The Return of #WriteFridays!

Last night I sat at my friend’s table for a mutual writing session, attempting to grind out just a few ndred more words. I’m stuck at the place in this manuscript where trying to get the story out feels like pulling teeth with a rusty chainsaw–not very effective, and kind of bloody. (I was also laboring under the misconception that once I hit 40K words, I only had 15K more to go. After hitting 40K, and celebrating, I realized that it was actually 25K more to my goal of 65K. Why do I even bother doing math?)

What, ho, I thought to myself. Time for a writing exercise! At this particular place in the novel, my two characters are sitting outside a Whataburger in the middle of Nowheresville, TX, in the early morning. It’s one of those towns I’ve often driven through, that is basically the incorporated confines of a stoplight, a hotel, and a couple of fast food joints. Although it’s winter in my novel (it usually is, I think probably because I start writing them in November…) it’s also Texas, so unseasonably warm. So where is the exercise?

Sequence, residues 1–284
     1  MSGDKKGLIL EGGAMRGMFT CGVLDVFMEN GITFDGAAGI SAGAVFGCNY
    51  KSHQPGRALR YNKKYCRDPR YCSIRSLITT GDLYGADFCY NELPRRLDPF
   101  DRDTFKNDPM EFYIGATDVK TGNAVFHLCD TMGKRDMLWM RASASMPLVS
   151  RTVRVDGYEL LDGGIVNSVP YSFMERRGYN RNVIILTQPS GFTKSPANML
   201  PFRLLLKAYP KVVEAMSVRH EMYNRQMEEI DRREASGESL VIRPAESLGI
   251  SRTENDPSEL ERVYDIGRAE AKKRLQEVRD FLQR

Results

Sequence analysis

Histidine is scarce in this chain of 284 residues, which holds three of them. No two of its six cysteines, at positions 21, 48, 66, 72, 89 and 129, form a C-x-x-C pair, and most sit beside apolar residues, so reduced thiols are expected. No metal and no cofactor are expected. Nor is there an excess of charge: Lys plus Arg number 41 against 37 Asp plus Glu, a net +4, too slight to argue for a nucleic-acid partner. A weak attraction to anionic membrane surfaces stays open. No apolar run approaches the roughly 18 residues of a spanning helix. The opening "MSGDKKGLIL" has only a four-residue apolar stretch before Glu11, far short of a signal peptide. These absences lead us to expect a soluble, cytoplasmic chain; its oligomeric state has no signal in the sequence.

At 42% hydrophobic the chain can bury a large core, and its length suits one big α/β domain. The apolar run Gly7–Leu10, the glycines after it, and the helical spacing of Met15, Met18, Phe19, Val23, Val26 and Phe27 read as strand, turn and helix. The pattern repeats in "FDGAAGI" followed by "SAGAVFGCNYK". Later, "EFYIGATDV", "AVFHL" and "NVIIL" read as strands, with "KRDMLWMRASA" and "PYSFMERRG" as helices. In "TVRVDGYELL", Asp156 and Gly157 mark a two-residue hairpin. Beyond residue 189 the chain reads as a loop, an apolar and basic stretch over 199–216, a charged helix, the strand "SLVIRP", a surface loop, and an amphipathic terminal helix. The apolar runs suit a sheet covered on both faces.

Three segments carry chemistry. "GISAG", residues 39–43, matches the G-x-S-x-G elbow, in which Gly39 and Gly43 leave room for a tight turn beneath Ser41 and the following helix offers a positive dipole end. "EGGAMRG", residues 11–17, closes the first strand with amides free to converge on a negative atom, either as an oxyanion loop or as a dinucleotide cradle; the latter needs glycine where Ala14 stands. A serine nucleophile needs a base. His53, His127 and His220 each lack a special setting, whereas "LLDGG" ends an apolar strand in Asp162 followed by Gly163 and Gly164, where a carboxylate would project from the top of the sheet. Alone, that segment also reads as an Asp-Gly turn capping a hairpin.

Well, I managed to write about seven hundred words from the beginning of the scene, went to write an action where one of the characters adjusts his clothing … and realized I had no idea what they were wearing.

So for this week, let us don our sartorial lens, peruse the racks of our mind’s eye, and head into …

Captain shares his sharp-dressing secrets.

Captain shares his sharp-dressing secrets.

Exercise 20: You Are What You Wear. For many of us, our clothes immediately convey to those around us a certain amount of information about ourselves. Whether we’re wearing high-fashion couture, fast food polyester, a wool jacket in 100+ degree heat, or shorts in the middle of winter (hello, my significant other), much information can be gleaned from a character’s wardrobe.

For this exercise, write a paragraph that includes very specific choices in your character’s (or characters’) clothing choices (or lack of choices.) This could be an introduction to a new character–or a new way of seeing an old one.

Happy writing!

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